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John Wooden and the Pyramid of Success: Building a Foundation of Values

UCLA basketball has seen its share of exceptional talent pass through its doors, from the legendary Kareem Abdul-Jabbar to modern All-Stars like Kevin Love, Russell Westbrook, and Zach LaVine.

However, no one is as widely regarded in UCLA glory as the legendary basketball coach, John Wooden. His accomplishments on the court speak for themselves: 10 NCAA championships in a 12-year span, including 7 titles in a row. His true legacy, however, lies in his coaching philosophy, centered around his Pyramid of Success: a representation of the foundational principles guiding his coaching and life. Before Wooden became head coach at UCLA, he held several coaching positions at Dayton High School, South Bend Central HS, and Indiana State. During this time, Wooden pondered the true definition of “success”; was it solely measured by the outcome at the end of the game, or was it something more than that?

Coach believed that success “wasn't about the final score, about winning or losing. It was about the hard work and effort to reach the final score. If you did your best in preparation and during the contest, in whatever it was you were doing, both on and off the basketball court, then it was a successful journey, regardless of the outcome.” (citation). The idea of effort being more important than the outcome was a value instilled in Wooden from his father, Joshua Hugh Wooden, who told him, “Don't worry about being better than somebody else, but never cease trying to be the best you can be."

Completing the Pyramid took several years but was perfected by the time Wooden became a coach at UCLA.

Let’s look at a graphic of the pyramid below and then break down its structure.

"The best way to improve the team is to improve yourself."

First layer: Industriousness, Friendship, Loyalty, Cooperation, and Enthusiasm.

Industriousness and Enthusiasm are the cornerstones of the pyramid, demonstrating the idea that working hard and enjoying the process go hand in hand. There is no substitute for hard work. It may be possible to get by, at least temporarily, through shortcuts and taking the easy way, but it’ll not allow the potential within all of us to develop. The work will be challenging, but it must be done, whether training for a sport or personal development off the court. Although, if one is going to work hard at anything in life, there must be some enjoyment in the process, which is why the value of Enthusiasm completes the other cornerstone of the pyramid. Having a sense of joy in the work benefits yourself and the people around you. Enthusiasm radiates outwardly and is infectious. It can inspire those around you to enjoy the work and/or spark a newfound interest.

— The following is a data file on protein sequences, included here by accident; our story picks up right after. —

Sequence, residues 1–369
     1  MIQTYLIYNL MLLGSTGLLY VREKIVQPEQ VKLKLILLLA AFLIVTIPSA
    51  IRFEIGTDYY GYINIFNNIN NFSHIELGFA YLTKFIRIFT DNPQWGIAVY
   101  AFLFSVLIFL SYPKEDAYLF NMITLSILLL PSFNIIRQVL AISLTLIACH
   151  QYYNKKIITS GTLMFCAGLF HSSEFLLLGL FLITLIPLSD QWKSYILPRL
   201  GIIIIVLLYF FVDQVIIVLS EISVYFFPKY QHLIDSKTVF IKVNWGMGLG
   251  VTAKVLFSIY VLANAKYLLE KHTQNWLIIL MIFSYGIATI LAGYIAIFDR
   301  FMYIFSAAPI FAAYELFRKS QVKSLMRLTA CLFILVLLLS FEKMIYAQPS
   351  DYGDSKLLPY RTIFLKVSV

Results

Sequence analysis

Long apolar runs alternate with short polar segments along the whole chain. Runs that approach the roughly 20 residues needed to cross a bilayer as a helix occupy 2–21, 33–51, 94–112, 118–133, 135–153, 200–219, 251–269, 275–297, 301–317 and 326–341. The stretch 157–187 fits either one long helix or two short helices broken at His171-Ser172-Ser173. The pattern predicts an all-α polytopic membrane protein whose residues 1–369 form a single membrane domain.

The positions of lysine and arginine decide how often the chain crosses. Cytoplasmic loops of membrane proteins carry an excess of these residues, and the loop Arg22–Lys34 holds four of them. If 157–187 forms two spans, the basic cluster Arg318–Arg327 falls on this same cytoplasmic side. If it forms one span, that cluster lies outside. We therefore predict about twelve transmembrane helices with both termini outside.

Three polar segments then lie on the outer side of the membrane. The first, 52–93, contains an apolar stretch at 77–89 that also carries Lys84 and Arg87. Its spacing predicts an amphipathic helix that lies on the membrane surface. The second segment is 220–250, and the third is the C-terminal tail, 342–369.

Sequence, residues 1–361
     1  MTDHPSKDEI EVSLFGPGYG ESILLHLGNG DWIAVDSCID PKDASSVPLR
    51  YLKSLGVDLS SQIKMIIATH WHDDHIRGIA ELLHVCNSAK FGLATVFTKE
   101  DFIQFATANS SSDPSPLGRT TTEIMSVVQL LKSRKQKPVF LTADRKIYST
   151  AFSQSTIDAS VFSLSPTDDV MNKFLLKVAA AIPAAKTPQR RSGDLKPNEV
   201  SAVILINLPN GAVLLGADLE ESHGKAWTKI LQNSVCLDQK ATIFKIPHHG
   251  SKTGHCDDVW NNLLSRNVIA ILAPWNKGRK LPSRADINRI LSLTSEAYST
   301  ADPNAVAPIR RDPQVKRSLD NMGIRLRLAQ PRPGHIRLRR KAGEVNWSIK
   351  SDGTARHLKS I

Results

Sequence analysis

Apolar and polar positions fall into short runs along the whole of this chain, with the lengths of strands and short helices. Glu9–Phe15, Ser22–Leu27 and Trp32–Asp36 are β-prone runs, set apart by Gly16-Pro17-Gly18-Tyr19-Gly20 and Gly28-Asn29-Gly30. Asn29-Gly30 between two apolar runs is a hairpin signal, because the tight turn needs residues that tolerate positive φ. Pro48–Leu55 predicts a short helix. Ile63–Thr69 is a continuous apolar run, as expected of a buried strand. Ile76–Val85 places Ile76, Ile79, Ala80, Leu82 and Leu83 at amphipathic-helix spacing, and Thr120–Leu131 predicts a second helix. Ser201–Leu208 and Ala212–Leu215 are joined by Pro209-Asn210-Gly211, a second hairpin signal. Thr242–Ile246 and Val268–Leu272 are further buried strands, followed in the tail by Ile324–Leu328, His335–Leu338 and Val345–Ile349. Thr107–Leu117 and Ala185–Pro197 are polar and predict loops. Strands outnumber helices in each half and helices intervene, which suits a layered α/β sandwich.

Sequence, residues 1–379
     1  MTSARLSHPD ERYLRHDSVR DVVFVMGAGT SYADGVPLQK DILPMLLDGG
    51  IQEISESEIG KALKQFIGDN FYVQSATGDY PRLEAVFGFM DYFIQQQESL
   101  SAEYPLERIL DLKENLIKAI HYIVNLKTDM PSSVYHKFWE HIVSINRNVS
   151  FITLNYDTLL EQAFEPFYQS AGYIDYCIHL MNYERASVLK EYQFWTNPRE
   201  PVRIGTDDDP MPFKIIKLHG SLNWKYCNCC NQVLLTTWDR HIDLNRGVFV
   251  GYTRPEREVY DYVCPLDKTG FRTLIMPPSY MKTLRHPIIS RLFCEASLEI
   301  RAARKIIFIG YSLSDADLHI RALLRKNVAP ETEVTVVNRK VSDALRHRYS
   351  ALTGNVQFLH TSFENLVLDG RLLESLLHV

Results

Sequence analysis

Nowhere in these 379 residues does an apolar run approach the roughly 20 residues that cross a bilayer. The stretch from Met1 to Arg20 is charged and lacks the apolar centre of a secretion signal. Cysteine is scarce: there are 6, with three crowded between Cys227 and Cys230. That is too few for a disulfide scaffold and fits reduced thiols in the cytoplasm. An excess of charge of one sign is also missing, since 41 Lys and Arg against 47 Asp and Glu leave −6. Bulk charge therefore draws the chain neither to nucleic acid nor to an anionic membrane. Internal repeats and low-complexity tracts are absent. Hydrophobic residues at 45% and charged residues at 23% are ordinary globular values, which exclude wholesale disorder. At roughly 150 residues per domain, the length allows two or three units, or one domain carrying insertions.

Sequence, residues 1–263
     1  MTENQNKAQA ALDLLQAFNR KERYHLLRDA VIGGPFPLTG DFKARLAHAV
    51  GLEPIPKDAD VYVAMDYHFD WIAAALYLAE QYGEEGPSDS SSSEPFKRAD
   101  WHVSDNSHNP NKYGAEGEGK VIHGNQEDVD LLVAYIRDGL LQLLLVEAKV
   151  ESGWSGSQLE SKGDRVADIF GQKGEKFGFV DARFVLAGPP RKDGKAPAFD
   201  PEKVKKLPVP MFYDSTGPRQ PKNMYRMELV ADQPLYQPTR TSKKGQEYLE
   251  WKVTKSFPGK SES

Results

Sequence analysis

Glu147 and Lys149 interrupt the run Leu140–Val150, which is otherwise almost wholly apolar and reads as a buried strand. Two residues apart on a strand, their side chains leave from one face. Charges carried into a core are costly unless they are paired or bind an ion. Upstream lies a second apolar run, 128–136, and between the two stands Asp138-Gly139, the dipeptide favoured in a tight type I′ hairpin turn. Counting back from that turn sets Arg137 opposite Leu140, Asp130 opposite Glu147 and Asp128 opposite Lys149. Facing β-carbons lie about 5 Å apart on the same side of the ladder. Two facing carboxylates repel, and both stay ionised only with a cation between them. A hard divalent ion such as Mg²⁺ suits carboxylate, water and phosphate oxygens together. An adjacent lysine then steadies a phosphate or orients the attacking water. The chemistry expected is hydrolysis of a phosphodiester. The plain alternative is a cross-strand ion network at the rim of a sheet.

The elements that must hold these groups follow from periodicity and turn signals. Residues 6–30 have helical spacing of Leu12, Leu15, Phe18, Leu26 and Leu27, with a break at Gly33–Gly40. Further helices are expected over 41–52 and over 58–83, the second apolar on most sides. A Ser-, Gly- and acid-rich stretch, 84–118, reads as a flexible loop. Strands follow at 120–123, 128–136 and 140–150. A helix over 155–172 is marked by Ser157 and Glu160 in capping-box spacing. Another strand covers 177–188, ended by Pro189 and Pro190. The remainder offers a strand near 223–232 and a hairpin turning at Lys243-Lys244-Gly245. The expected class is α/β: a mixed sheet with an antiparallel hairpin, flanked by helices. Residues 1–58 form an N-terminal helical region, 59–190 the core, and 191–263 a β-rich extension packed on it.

Between the two cornerstones of Industriousness and Enthusiasm, there is a focus on the importance of others: Friendship, Loyalty, and Cooperation. Friendships can be easy to take for granted: they might not hold the same significance or commitment to people as a relationship or marriage. However, the best friendships are just as valuable and require an effort from both people to sustain. Next, loyalty is an excellent indicator of our respect for ourselves and others. Can we be loyal to the people around us who depend on us, our families, friends, coaches? Most importantly, can we be loyal to ourselves and commit to the process through any ups and downs that will occur? Lastly, cooperation entails being a good listener and putting your ego to the side if the situation calls for it, personally or professionally.

Second layer: Self-Control, Alertness, Initiative, Intentness